Cassan ......
Quatre Bras and....
The Battle of Waterloo
The Portrait is undated . The Medal shown  was awarded Thomas for his participation
in the Battle.  The  Medal and Painting have been handed down through Thomas'
Family .That is to say Thomas' oldest son who was also named Thomas               
Richard Cassan of England possesses them today - October 2008
Death of Captain Thomas Cassan
                     June 16 1815 - Quatre  Bras                                       
Napoleonic War - 2 Days before the Battle of Waterloo

(Extracted from the London Gazette)

This information (link) that follows is intended as a memorial to soldiers killed at
Quatre-Bras and Waterloo. Captain Thomas Cassan was one of the many wounded, who
later died of his wounds. He was a Captain with the 32nd Foot (Cornwall).

Thomas Cassan was the Father of John Arthur Cassan who came to Canada from Ireland

Quatre Bras Battle

An advance French unit had been delayed at a vital crossroads at Quatre Bras by a small
force of 8000 men from Saxe-Weimar and it was imperative that they were reinforced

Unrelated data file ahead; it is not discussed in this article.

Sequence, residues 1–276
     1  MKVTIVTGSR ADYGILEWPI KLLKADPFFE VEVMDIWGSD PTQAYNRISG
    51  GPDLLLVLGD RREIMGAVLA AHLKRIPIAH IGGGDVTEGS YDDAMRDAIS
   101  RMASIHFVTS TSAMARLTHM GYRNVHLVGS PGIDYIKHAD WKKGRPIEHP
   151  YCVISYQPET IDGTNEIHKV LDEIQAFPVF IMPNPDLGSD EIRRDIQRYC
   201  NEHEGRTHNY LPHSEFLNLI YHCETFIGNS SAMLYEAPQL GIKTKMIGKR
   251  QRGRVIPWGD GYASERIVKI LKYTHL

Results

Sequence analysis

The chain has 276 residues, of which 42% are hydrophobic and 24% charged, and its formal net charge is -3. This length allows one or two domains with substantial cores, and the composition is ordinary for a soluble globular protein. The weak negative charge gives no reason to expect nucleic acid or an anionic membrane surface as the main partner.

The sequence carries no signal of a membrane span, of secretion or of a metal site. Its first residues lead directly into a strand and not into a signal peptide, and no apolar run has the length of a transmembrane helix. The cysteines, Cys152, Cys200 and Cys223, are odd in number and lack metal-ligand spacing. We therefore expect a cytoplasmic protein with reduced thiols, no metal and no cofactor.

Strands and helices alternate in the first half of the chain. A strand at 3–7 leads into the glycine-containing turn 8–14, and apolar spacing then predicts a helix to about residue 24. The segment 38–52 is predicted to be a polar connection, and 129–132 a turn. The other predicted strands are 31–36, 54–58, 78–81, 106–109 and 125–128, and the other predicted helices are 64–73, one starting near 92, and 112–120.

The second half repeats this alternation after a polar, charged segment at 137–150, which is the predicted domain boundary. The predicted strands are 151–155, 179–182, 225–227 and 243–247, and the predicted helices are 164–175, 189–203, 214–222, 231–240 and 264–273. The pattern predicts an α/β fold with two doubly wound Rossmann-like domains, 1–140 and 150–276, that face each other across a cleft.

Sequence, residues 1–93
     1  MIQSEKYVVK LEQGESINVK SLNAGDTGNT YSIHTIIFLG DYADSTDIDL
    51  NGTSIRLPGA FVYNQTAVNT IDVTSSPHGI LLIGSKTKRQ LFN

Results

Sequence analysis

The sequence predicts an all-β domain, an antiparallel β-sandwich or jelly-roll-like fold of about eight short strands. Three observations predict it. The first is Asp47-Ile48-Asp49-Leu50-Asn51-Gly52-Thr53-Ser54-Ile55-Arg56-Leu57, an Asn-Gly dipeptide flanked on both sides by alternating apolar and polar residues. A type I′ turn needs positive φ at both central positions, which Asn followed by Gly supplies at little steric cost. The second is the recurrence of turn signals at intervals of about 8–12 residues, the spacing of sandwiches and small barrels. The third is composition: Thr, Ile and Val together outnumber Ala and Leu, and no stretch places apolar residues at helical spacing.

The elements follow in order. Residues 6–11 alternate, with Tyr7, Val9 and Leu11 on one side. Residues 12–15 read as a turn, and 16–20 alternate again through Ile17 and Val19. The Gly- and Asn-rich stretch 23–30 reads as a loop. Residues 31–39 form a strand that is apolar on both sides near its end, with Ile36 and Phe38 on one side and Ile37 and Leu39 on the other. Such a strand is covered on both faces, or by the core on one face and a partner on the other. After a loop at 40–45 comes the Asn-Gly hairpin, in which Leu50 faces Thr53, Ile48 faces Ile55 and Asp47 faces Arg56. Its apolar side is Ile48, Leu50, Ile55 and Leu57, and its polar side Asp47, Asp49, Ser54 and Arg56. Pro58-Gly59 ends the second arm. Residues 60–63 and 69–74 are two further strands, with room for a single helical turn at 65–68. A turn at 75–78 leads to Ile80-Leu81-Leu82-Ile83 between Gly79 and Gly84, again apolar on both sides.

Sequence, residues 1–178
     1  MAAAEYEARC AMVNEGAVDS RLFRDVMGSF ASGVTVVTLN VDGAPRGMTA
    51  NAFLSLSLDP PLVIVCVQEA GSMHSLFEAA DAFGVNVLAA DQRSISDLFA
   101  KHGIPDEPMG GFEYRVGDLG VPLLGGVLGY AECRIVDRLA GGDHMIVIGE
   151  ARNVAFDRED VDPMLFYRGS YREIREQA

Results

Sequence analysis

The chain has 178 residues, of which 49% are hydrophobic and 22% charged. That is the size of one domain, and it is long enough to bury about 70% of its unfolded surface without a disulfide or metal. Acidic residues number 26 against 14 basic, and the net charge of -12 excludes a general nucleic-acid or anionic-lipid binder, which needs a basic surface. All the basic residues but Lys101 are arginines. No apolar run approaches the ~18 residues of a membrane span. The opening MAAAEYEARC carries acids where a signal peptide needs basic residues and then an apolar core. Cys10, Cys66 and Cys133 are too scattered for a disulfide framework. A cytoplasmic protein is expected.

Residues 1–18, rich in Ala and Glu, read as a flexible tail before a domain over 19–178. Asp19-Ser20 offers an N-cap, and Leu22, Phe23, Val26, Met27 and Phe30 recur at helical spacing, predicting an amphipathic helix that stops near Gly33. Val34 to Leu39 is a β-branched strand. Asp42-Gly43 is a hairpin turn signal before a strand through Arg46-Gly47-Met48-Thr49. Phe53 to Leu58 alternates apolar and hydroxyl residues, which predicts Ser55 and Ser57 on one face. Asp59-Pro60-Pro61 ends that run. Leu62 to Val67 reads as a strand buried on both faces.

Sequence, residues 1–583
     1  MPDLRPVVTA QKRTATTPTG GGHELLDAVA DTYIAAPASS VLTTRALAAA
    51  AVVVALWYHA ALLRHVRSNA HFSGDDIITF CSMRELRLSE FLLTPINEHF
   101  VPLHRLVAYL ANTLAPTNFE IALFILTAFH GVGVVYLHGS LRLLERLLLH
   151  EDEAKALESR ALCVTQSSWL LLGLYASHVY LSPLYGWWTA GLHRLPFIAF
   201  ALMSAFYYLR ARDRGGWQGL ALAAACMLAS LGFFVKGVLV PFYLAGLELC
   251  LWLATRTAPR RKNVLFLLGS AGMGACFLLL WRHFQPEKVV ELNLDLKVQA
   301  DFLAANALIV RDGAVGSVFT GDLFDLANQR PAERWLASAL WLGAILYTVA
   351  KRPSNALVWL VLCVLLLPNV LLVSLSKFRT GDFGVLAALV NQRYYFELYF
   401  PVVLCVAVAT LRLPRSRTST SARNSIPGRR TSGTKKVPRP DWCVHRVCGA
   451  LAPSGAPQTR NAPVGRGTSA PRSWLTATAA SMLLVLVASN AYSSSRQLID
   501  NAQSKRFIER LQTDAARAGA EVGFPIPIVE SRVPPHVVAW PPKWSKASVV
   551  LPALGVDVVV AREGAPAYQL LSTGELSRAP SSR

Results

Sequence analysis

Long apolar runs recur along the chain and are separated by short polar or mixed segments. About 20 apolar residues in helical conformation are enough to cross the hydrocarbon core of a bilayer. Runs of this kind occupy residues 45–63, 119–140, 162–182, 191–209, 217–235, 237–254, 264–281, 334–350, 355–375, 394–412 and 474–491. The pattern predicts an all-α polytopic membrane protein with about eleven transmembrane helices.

The crossroads was the link between the mainly British Anglo-Allies and the Prussians.

Maintaining an impassive front at a ball being held in his honour in Brussels, Wellington
dispatched troops towards Quatre Bras as quickly as they became available.

Fortunately for the Allies, the French commander Marshal Ney did not move quickly on the
morning of the 16th and it wasn't before 2pm that he sent forward General Reille with
20,000 men to clear the enemy away.

Allied troops from woods that threatened the French left flank.

Wellington arrived, as did the lead elements of British reinforcements, and the size of the
clash moved from a skirmish to a full battle.

By late afternoon, the defenders had grown to some 26,000 men with 42 cannons and they
were forced to withstand a ferocious attack by Ney.

French cavalry reached the crossroads and, despite Wellington being forced to shelter in a
square to avoid capture, the lines held.

At 6.30pm, a further reinforced Wellington (36,000) moved forward and retook almost all of
the ground lost to the French that day.

The Allies lost some 4800 men, while French casualties were 4000.

It was a drawn clash tactically, but a major strategic blow for Bonaparte.